LANCASTER, S.C. — Severe weather warnings help people make life-changing decisions in a matter of seconds, but Lancaster County has had trouble receiving those warnings, leaving many residents with questions when dark clouds gather overhead.
Counties across the country use the software without any issues. Channel 9 learned that oddly shaped southeast counties like Lancaster in South Carolina have trouble receiving those warnings and have to look to surrounding counties and their own emergency management to stay in the loop.
“Our shape is like a pan,” said Director of Lancaster County Fire & Rescue and Emergency Management Darren Player.
Channel 9 Meteorologist Austin Chaney spoke with Player, who said the shape isn’t the only issue; it’s also where the warnings come from. Counties that surround Lancaster get their National Weather Service warnings from Greenville-Spartanburg, while Lancaster gets its alerts from Columbia.
“Columbia issues those warnings, and that causes people confusion,” Player said. “People always used to ask me, does the weather just jump Lancaster County, or does it come across? Well, it does come across.”
The last example of this warning confusion happened on April 6. The National Weather Service in Greenville-Spartanburg issued a warning for Mecklenburg, York, and Union counties, but the NWS in Columbia did not issue the same warning.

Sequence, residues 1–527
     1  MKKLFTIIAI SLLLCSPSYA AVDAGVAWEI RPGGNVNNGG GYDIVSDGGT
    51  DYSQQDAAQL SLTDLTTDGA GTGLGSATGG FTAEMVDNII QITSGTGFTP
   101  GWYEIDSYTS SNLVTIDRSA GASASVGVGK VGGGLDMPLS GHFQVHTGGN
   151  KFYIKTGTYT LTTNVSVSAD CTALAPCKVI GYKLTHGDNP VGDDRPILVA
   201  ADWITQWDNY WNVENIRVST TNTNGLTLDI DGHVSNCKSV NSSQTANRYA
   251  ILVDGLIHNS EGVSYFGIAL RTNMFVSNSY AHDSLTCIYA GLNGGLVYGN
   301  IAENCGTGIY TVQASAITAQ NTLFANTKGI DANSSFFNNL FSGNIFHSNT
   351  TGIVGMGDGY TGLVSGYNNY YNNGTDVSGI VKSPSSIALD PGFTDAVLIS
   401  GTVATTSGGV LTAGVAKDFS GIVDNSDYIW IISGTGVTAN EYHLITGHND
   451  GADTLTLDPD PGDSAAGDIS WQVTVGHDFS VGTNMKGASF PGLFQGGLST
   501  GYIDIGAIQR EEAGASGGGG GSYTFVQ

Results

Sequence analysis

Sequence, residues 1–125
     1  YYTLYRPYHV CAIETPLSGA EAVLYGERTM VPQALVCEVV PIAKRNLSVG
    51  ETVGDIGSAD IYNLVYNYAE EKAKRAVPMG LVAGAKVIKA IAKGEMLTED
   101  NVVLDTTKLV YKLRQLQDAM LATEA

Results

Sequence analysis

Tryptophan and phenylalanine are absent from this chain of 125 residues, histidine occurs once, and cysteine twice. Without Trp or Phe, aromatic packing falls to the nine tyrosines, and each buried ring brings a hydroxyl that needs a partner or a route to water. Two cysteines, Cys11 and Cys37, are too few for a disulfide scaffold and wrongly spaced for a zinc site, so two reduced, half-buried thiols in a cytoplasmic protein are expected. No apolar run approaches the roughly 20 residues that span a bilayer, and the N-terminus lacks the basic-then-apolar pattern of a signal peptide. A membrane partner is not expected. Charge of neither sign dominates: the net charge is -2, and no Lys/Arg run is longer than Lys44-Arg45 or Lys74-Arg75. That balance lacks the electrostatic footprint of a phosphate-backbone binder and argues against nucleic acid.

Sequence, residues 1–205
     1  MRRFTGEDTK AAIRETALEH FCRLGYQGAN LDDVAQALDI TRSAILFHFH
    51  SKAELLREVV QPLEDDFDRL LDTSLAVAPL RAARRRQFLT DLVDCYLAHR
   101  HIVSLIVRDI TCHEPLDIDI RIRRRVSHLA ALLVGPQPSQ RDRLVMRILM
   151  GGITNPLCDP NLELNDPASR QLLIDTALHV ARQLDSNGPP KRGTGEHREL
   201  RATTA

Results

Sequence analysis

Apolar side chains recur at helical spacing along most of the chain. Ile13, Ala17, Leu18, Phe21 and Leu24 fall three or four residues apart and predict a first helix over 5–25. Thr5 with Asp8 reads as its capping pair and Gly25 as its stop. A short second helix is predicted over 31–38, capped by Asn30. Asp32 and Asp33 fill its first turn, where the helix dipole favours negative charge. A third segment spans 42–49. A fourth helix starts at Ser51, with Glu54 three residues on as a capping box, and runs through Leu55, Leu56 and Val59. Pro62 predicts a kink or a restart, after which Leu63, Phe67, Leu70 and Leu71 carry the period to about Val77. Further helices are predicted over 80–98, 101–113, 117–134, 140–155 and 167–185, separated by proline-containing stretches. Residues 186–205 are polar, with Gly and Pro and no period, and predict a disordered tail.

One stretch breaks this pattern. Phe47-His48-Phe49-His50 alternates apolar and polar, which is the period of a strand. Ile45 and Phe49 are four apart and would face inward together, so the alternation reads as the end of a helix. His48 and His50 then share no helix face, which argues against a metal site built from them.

Lancaster County resident Christine Hoving says these inconsistencies cause people to hesitate when it comes to taking cover or emergency measures.
“You, yourself, would second-guess, do I really need to take cover or take emergency measures vs. if you had the warning you would automatically be preventative and go take shelter,” Hoving told Channel 9
Chaney spoke with two NWS warning coordination meteorologists, John Quagliariello from Columbia and Tricia Palmer from Greenville-Spartanburg.
When asked about April 6, Quagliariello says that the date could’ve been handled better, but he also explained the process Columbia went through.
“On April 6, forecasters in Columbia wanted to watch the evolution of the storm through York County before issuing a severe thunderstorm warning,” Quagliariello said.
Tricia Palmer says the NWS’ goal is to provide warnings in a seamless, quality way.
“Our goal is always for warnings to appear seamless when they cross weather service area boundary areas,” Palmer said.
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